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Non-Contradiction
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JuliaCall for Seamless Integration of R and Julia

R build
status CRAN\_Status\_Badge DOI

[Table of Contents] <!-- Table of contents generated generated by http://tableofcontent.eu -->

Package

JuliaCall
is an R interface to
Julia
, which is a high-level, high-performance dynamic programming language for numerical computing, see https://julialang.org/ for more information. Below is an image for Mandelbrot set. JuliaCall brings more than 100 times speedup of the calculation! See https://github.com/Non-Contradiction/JuliaCall/tree/master/example/mandelbrot for more information.

Installation

You can install

JuliaCall
just like any other R packages by
install.packages("JuliaCall")

To use

JuliaCall
you must have a working installation of Julia. This can be easily done via:
library(JuliaCall)
install_julia()

which will automatically install and setup a version of Julia specifically for use with JuliaCall. Or you can do

library(JuliaCall)
julia_setup(installJulia = TRUE)

which will invoke

install_julia
automatically if Julia is not found and also do initialization of
JuliaCall
.

You can also setup Julia manually by downloading a generic binary from https://julialang.org/downloads/ and add it to your path. Currently

Julia v0.6.x
and the
Julia v1.x
releases are all supported by
JuliaCall
.

You can get the development version of

JuliaCall
by
devtools::install_github("Non-Contradiction/JuliaCall")

Basic Usage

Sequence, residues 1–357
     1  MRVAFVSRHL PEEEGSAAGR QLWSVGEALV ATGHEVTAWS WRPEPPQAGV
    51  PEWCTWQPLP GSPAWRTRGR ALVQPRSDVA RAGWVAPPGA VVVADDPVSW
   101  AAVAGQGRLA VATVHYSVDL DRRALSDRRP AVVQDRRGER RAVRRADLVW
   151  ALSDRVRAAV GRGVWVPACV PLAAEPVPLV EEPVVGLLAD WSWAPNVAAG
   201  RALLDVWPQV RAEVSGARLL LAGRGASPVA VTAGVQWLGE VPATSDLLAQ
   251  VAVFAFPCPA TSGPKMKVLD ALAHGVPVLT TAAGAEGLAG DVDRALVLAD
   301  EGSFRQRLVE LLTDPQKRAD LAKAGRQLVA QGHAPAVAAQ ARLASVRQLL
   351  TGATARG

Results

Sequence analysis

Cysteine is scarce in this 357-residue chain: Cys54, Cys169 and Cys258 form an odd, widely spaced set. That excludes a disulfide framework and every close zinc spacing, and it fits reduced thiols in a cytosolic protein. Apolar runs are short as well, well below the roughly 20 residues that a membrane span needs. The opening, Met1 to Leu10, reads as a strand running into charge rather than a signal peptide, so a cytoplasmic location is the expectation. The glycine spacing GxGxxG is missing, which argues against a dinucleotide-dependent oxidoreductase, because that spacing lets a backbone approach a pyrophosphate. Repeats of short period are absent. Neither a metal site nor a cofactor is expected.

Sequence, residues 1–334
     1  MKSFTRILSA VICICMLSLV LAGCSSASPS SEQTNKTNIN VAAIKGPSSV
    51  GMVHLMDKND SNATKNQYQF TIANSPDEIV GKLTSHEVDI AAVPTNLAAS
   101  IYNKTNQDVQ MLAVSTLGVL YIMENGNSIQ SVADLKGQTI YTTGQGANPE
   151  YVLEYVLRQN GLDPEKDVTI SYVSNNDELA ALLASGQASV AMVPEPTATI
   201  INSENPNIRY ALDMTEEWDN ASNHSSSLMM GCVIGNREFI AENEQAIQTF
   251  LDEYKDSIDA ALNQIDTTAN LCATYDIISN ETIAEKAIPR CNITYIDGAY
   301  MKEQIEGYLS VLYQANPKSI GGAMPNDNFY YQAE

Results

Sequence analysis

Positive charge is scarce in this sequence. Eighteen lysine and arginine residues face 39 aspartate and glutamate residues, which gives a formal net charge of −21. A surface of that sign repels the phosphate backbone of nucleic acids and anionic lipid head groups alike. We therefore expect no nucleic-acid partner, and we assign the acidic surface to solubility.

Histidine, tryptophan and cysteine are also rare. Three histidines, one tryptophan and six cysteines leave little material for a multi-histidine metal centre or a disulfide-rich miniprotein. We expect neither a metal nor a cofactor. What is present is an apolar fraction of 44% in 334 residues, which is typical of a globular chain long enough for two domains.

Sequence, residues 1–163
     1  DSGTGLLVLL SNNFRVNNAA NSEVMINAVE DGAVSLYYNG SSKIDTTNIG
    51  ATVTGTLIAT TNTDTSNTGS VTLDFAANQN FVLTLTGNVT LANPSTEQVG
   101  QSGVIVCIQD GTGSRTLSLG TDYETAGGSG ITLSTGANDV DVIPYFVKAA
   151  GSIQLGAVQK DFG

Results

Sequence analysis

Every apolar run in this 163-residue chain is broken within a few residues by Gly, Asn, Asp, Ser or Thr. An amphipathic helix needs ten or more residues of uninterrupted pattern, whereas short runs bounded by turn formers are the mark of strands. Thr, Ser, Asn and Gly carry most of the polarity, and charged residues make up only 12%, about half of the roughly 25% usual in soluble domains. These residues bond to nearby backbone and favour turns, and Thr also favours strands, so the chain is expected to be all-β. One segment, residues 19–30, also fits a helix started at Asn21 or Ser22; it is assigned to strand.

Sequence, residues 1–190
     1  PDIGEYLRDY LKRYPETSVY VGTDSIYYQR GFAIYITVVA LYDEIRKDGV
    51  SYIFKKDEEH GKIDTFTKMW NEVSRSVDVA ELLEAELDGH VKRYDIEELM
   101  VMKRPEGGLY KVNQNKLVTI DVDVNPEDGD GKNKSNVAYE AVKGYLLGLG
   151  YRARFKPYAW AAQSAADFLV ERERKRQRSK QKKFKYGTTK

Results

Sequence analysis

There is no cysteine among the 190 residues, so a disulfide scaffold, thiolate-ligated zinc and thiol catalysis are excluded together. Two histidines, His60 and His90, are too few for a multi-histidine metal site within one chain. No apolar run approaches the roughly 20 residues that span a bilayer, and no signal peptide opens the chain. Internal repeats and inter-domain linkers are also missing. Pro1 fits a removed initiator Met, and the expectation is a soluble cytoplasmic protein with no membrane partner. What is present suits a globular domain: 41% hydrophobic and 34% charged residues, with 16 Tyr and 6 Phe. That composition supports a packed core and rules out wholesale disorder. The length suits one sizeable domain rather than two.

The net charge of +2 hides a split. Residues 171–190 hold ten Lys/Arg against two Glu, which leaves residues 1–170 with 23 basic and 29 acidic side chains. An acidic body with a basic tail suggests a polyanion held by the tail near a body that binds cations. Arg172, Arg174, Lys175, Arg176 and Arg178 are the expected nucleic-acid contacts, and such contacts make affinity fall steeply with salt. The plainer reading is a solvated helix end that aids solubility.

Before using

JuliaCall
, you need to do initial setup by function
julia_setup()
for automatic type conversion, Julia display systems, etc. It is necessary for every new R session to use the package. If not carried out manually, it will be invoked automatically before other
julia_xxx
functions. Solutions to some common error in
julia_setup()
are documented in the troubleshooting section.
library(JuliaCall)
julia  Julia version 1.5.0 at location C:\Users\lch34\AppData\Local\JULIAC~1\JULIAC~1\julia\V15~1.0\bin will be used.
#> Loading setup script for JuliaCall...
#> Finish loading setup script for JuliaCall.

If you want to use Julia at a specific location, you could do the following:

julia_setup(JULIA_HOME = "the folder that contains Julia binary").

You can also set JULIA_HOME in command line environment or use options(...).

Different ways of using Julia to calculate sqrt(2)

julia$command("a = sqrt(2);"); julia$eval("a")

julia_command("a = sqrt(2);"); julia_eval("a") #> [1] 1.414214 julia_eval("sqrt(2)") #> [1] 1.414214 julia_call("sqrt", 2) #> [1] 1.414214 julia_eval("sqrt")(2) #> [1] 1.414214 julia_assign("x", sqrt(2)); julia_eval("x") #> [1] 1.414214 julia_assign("rsqrt", sqrt); julia_call("rsqrt", 2) #> [1] 1.414214 2 %>J% sqrt #> [1] 1.414214

You can use julia$exists as exists in R to test

whether a function or name exists in Julia or not

julia_exists("sqrt") #> [1] TRUE julia_exists("c") #> [1] FALSE

Functions related to installing and using Julia packages

julia_install_package_if_needed("Optim") julia_installed_package("Optim") #> [1] "0.22.0" julia_library("Optim")

Troubleshooting and Ways to Get Help

Julia is not found

Make sure the

Julia
installation is correct.
JuliaCall
can find
Julia
on PATH, and there are three ways for
JuliaCall
to find
Julia
not on PATH.
  • Use
    julia_setup(JULIA_HOME = "the folder that contains julia
    binary")
  • Use
    options(JULIA_HOME = "the folder that contains julia binary")
  • Set
    JULIA_HOME
    in command line environment.

libstdc++.so.6: version `GLIBCXX_3.4.xx’ not found

Such problems are usually on Linux machines. The cause for the problem is that R cannot find the libstdc++ version needed by